OSC Recycling & Sustainability Service Group

A reflective blog exploring recycling & sustainability initiatives at the Overseas School of Colombo

Now where did I put that pen?!

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The author with recycled metals in Battaramulla

Have you thought about the element, compound, or alloy that is a good conductor of both electricity and heat  lately? Probably not, but metals are important to each and every one of us.(Fry 12). Metals are found all around us, both naturally and mechanically. It’s safe to say that everyday every human being comes in contact with different metals. OSC doesn’t use that much metal in terms of the canteen, with cans and such. But the students themselves are consumers of metal. From the wiring in your kids earphones when they are blasting music, that to you is just noise; to the pen casing you use to sign those checks that go towards your child’s oh so promising future.  We use metals every day, and once they are of no more use, once the pen runs out of ink, and the earphones break because we accidentally sit on them; they are discarded, tossed aside, never to be given a second thought of.

However, this is not the case. If you’re like  the 75% of the world, that pen will end up in a land fill, or some dump or even the “ pacific bowl of soup” you know that “land mass” of trash in the middle of the ocean the size of the United States? If you are NOT like that 75%, you could recycle that pen, bringing it to a recycle center. And before you stop reading this thinking, oh it’s one of those “reduce, re-use, recycle” things that don’t apply to Sri Lanka, I’m here to tell you you’re wrong.

The Grade 11 geography class has been witness to the recycling centers for this finite natural element called metal.  Both the Parliament road recycling center and the pannipitiya road recycling center are metal “halfway” houses. And they collect almost ANYTHING. The parliament road recycling center is a storage space filled to the brim with metal, there are literally car doors hanging from the ceiling! All these metal scraps of Iron, Steel, Tin, Aluminum, and Copper are found in the forms of poles, old machinery, chairs, grills, even car bodies!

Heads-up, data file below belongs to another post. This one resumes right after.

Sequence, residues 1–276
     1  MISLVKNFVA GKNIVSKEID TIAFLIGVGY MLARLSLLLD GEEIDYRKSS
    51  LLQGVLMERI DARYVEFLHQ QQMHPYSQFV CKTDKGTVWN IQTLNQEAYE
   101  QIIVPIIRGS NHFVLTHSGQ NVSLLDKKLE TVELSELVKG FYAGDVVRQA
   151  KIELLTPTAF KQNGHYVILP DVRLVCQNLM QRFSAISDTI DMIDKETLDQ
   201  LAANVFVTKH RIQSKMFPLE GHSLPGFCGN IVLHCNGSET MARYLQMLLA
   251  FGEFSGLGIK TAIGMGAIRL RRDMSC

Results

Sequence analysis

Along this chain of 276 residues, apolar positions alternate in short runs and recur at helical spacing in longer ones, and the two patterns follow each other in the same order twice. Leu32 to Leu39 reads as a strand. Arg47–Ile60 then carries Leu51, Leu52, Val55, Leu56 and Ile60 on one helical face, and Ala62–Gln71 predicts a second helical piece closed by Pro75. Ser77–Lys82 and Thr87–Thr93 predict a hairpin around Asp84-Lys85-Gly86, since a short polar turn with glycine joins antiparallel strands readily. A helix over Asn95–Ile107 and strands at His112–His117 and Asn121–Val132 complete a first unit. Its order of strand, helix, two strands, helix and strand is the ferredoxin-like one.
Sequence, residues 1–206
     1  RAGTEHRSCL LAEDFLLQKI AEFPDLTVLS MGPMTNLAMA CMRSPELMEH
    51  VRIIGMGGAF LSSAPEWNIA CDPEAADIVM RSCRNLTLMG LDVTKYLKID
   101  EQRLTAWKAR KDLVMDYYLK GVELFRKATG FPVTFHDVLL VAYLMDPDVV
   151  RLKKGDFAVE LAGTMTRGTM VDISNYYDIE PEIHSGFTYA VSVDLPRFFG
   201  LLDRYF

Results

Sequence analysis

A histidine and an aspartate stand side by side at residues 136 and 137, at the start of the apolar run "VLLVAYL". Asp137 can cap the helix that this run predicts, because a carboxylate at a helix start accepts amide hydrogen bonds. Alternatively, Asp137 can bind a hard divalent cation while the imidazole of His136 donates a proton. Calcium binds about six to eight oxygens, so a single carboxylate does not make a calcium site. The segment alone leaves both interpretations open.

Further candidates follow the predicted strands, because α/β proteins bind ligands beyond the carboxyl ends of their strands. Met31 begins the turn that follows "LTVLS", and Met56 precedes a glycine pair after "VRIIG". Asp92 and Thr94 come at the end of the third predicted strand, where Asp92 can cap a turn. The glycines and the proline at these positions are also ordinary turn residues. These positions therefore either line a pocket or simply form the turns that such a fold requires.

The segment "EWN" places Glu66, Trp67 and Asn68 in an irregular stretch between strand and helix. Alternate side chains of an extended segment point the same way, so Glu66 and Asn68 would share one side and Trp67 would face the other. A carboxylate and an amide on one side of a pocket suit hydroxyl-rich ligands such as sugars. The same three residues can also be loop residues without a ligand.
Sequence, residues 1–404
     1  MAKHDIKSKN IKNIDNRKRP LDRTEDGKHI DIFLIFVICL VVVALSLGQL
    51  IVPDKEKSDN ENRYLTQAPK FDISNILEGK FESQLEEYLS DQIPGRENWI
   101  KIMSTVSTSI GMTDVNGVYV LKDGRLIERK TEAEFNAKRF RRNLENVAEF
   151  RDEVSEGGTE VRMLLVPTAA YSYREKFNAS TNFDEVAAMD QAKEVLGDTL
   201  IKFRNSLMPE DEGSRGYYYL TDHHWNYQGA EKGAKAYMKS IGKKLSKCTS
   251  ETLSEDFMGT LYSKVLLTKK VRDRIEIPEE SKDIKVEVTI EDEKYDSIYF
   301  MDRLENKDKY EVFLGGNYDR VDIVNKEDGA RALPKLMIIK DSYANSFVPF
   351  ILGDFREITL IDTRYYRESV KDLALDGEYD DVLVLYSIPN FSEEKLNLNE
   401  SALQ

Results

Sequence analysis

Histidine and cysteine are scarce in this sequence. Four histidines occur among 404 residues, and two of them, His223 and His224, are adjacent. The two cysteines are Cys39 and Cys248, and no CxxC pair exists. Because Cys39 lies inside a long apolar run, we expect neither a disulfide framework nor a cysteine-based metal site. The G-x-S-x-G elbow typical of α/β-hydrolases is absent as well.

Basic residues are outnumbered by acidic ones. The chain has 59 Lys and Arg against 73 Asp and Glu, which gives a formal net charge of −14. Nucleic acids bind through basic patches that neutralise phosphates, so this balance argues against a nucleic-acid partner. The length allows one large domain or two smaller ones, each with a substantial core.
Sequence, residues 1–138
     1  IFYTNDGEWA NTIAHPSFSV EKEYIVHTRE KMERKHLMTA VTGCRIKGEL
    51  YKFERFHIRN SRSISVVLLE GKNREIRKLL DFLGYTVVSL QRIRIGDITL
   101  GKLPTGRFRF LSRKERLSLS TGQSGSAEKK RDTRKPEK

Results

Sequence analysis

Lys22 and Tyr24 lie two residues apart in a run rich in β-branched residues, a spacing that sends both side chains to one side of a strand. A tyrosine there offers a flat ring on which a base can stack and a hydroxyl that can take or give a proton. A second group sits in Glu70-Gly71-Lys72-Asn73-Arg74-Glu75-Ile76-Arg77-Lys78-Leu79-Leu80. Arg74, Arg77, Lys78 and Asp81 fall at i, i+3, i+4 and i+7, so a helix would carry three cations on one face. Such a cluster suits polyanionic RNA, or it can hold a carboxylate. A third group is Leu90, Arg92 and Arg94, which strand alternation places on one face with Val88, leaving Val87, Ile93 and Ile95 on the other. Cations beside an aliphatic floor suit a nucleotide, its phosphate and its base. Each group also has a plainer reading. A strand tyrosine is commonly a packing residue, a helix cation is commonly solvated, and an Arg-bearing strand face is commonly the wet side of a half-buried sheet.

Now what is the gathering of all this metal for? What possible positive outcome can collecting rust be? This is where the “re-use and recycle” part of the conservation strategy comes into play with metal. Civilians, take recycling into their own hands and they get rewarded for that. If you bring metal, such as cans from all that soda your kids drink, or parts of that car you totaled when almost being squashed by one of those buses, then this is where you come to!

The metal is weighed on an “old-school” scale, and you are given money in exchange for the amount of metal brought in. The prices per kg of course, alter depending on the metal brought in. Iron goes for 45 rupees, Aluminum for 100 rupees, Copper for 40 rupees and tin for 10 rupees. This is all per kg. All these recycled objects are either broken down into more valuable metals and sold, or sold as they are to whole sale buyers. A common occurrence where metals are “broken down” is when motors are brought in. The motors are welded apart, and the copper coil inside is heated and separated into raw copper coiled, which is then sold to be melted down and used again.

So, next time you are about to think of sending your toaster to the dump, don’t. Take a visit to the recycling centers, who knows, you might get a few rupees out of it, and you know that you are being a more ecologically friendly civilian, and not necessarily adding more “land” to the pacific bowl of soup.

Works Cited

Bourne, Kathleen. “Trash: The Oceans Full of It.” Reduce, Re-use, Recycle. 19 Nov. 2009. Web. 26 Mar. 2012.

Fry, Jason. “Metal: Definition.” Wiki Answers. Wikipedia. Web. 24 Mar. 2012.

Pedal, Maya. “Metal.” Recycling. Maya Pedal Assosciation, 8 Mar. 2012. Web. 29 Mar. 2012.

Copyright Vera Bednar 2012




Written by recycling1011

2012-05-10 at 7:16 AM

Posted in Guest Articles

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